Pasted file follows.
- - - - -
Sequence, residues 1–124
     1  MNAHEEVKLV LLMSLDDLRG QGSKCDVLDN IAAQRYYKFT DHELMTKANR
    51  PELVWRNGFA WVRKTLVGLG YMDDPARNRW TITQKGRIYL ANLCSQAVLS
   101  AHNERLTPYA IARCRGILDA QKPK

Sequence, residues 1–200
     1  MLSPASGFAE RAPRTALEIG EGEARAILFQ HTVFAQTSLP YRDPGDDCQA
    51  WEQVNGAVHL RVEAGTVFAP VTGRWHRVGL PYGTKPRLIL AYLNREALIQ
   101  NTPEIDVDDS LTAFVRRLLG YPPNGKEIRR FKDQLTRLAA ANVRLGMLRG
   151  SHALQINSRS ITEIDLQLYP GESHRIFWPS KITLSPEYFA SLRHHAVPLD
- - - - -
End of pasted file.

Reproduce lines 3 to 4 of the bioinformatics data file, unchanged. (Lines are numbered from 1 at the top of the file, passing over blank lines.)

    51  PELVWRNGFA WVRKTLVGLG YMDDPARNRW TITQKGRIYL ANLCSQAVLS
   101  AHNERLTPYA IARCRGILDA QKPK